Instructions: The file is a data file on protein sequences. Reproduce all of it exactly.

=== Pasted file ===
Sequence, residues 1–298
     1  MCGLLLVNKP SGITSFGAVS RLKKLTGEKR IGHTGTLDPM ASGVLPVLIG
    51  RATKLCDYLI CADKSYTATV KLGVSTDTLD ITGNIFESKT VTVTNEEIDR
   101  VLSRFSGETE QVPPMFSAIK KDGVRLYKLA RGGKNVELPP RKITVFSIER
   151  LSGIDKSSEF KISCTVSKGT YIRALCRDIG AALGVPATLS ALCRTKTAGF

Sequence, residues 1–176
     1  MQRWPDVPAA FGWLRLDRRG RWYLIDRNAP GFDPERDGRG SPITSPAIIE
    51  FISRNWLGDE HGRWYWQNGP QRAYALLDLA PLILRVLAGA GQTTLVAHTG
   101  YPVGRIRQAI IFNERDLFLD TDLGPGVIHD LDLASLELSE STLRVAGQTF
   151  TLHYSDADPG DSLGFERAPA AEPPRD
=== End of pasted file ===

Sequence, residues 1–298
     1  MCGLLLVNKP SGITSFGAVS RLKKLTGEKR IGHTGTLDPM ASGVLPVLIG
    51  RATKLCDYLI CADKSYTATV KLGVSTDTLD ITGNIFESKT VTVTNEEIDR
   101  VLSRFSGETE QVPPMFSAIK KDGVRLYKLA RGGKNVELPP RKITVFSIER
   151  LSGIDKSSEF KISCTVSKGT YIRALCRDIG AALGVPATLS ALCRTKTAGF

Sequence, residues 1–176
     1  MQRWPDVPAA FGWLRLDRRG RWYLIDRNAP GFDPERDGRG SPITSPAIIE
    51  FISRNWLGDE HGRWYWQNGP QRAYALLDLA PLILRVLAGA GQTTLVAHTG
   101  YPVGRIRQAI IFNERDLFLD TDLGPGVIHD LDLASLELSE STLRVAGQTF
   151  TLHYSDADPG DSLGFERAPA AEPPRD